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An anti-graft arm of the Council of Europe on Thursday urged the Armenian authorities to make “further significance progress” in combatting corruption and boosting judicial independence in the country.

The Strasbourg-based Group of States Against Corruption (GRECO) said so far they have fully taken only five of the 18 policy measures that were recommended by it last year. “Of the remaining recommendations, twelve have been partly implemented and one has not been implemented,” it said.

In a February 2016 report, GRECO described corruption as an “important problem for Armenian society.” The 18 recommendations contained by it concern independence of judges and prosecutors as well as corrupt practices among them and members of Armenia’s parliament.

GRECO assessed the authorities’ response to those proposals in a follow-up report. The five recommendations which it says Yerevan has “implemented satisfactorily” relate to the work of judges, the appointment and dismissal of prosecutors and mandatory asset declarations by these and other state officials.

“GRECO notes that further significant progress is necessary in order to achieve an acceptable level of compliance with the [other] recommendations within the next 18 months,” reads its latest report.

Most of the “partly implemented” recommendations also involve mechanisms for boosting judicial independence and preventing “improper political influence” on Armenian prosecutors. In particular, they call for restricting the Armenian president’s role in the selection and dismissal of judges.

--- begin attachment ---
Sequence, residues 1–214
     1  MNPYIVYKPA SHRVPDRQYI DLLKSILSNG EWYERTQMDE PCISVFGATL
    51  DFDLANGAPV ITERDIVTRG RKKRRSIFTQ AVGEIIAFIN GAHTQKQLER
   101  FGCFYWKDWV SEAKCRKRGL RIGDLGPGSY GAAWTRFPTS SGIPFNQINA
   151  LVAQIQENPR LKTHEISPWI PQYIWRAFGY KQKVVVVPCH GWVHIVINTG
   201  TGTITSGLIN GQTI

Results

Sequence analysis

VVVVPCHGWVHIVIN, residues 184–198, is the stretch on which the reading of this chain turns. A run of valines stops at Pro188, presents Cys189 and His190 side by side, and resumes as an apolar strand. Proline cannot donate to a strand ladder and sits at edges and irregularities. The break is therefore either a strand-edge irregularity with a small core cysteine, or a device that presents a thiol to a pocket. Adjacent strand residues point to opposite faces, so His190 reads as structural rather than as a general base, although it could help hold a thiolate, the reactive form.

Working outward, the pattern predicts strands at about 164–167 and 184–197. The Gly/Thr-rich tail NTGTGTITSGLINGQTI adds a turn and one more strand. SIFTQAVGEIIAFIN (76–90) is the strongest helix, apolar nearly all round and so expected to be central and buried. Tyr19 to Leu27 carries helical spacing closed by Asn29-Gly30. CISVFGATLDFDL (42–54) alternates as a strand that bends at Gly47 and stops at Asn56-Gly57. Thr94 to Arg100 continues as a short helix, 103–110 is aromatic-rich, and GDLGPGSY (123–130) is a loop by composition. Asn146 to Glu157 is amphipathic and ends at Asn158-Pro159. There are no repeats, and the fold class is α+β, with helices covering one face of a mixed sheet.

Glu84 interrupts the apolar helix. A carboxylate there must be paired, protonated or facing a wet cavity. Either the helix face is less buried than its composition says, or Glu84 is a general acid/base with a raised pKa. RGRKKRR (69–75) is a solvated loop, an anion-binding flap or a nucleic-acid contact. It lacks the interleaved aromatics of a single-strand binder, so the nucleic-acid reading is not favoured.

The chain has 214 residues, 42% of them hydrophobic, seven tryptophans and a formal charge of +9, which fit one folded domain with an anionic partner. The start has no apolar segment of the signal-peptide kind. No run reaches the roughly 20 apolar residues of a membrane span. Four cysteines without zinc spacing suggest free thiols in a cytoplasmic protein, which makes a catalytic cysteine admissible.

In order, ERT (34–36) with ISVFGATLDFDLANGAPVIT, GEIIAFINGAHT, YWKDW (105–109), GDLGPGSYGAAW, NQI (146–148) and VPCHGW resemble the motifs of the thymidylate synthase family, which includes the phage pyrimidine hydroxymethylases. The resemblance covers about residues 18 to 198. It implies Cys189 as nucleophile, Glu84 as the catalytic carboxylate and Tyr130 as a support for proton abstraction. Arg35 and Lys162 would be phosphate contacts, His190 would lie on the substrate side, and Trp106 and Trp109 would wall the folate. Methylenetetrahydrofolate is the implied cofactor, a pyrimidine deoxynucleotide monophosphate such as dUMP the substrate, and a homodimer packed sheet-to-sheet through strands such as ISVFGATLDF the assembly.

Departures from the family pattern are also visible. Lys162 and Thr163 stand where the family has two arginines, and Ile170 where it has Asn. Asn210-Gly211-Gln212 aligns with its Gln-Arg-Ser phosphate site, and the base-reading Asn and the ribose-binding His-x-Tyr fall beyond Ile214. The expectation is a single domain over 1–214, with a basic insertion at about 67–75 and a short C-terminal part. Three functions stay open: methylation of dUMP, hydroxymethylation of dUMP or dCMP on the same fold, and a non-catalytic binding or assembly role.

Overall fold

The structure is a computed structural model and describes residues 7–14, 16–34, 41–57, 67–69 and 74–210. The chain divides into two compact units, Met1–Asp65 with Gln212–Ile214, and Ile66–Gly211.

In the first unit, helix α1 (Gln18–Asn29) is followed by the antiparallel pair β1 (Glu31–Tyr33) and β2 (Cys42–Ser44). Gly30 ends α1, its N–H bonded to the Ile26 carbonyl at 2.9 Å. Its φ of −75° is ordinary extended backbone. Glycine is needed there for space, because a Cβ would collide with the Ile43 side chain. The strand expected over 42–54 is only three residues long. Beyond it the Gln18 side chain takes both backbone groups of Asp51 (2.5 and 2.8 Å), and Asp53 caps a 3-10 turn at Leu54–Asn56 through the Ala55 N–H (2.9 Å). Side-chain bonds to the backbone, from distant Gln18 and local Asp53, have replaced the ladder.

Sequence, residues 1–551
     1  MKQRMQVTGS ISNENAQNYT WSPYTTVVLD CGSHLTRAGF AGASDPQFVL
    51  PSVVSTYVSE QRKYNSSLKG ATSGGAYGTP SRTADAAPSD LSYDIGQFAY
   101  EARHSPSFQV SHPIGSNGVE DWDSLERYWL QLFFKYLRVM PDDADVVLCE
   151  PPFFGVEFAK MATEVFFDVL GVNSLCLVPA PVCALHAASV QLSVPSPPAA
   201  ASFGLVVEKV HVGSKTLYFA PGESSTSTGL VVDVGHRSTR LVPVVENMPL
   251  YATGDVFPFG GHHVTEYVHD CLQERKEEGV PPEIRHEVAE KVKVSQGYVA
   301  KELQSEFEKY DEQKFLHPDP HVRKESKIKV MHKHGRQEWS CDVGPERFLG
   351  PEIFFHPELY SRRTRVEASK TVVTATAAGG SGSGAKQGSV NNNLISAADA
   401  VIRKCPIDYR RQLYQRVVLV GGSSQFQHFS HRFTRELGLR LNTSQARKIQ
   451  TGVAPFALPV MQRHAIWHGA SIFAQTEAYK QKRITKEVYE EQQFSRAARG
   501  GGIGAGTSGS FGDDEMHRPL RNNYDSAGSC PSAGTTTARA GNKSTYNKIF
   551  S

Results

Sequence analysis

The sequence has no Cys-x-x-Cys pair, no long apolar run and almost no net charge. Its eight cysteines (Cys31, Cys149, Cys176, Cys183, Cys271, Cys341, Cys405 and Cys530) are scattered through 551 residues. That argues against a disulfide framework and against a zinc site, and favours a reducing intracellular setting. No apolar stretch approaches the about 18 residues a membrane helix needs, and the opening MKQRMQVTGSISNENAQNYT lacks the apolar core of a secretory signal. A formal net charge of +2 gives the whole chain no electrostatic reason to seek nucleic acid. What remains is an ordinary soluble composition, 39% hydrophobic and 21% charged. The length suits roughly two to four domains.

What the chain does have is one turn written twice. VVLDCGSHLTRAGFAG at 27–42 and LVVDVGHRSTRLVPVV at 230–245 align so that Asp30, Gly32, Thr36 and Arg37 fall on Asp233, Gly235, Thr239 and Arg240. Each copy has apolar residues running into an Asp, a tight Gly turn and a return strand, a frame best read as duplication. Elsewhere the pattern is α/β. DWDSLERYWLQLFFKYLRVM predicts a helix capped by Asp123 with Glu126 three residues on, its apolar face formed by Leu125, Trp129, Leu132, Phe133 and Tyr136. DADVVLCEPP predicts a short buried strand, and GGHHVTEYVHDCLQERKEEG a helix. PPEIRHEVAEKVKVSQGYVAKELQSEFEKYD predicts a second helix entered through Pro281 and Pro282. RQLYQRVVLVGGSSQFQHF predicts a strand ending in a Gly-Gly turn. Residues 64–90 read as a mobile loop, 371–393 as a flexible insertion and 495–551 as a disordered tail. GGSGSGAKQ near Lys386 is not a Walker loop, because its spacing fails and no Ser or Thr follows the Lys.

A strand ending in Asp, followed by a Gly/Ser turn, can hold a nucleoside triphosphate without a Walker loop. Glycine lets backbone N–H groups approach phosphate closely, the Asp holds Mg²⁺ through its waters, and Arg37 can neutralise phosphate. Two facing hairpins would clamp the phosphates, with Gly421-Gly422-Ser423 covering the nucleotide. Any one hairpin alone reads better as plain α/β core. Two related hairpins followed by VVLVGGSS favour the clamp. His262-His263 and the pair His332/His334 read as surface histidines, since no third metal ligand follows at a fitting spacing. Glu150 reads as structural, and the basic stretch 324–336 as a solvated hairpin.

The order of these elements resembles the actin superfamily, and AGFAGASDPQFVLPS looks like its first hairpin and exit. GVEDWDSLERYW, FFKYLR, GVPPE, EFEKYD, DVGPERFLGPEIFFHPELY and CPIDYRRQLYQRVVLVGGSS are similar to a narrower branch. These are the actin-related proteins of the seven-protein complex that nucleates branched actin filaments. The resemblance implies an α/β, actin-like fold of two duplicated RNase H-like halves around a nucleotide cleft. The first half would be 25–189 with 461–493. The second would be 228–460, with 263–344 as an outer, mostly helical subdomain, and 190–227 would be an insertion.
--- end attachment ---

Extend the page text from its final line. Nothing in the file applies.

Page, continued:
In that regard, GRECO welcomed relevant constitutional amendments that were enacted in Armenia in 2015. It stressed, though, that the authorities in Yerevan have yet to put in place “effective rules against undue interference” in court cases.

Despite having undergone frequent structural changes over the past two decades, Armenia’s judicial system is still regarded by many people as corrupt and dependent on the government. Armenia’s former human rights ombudsman, Karen Andreasian, highlighted the problem in a 2013 report that accused judges of routinely taking bribes.

At least four Armenian judges are known to have been arrested and prosecuted on charges of bribery over the past year.

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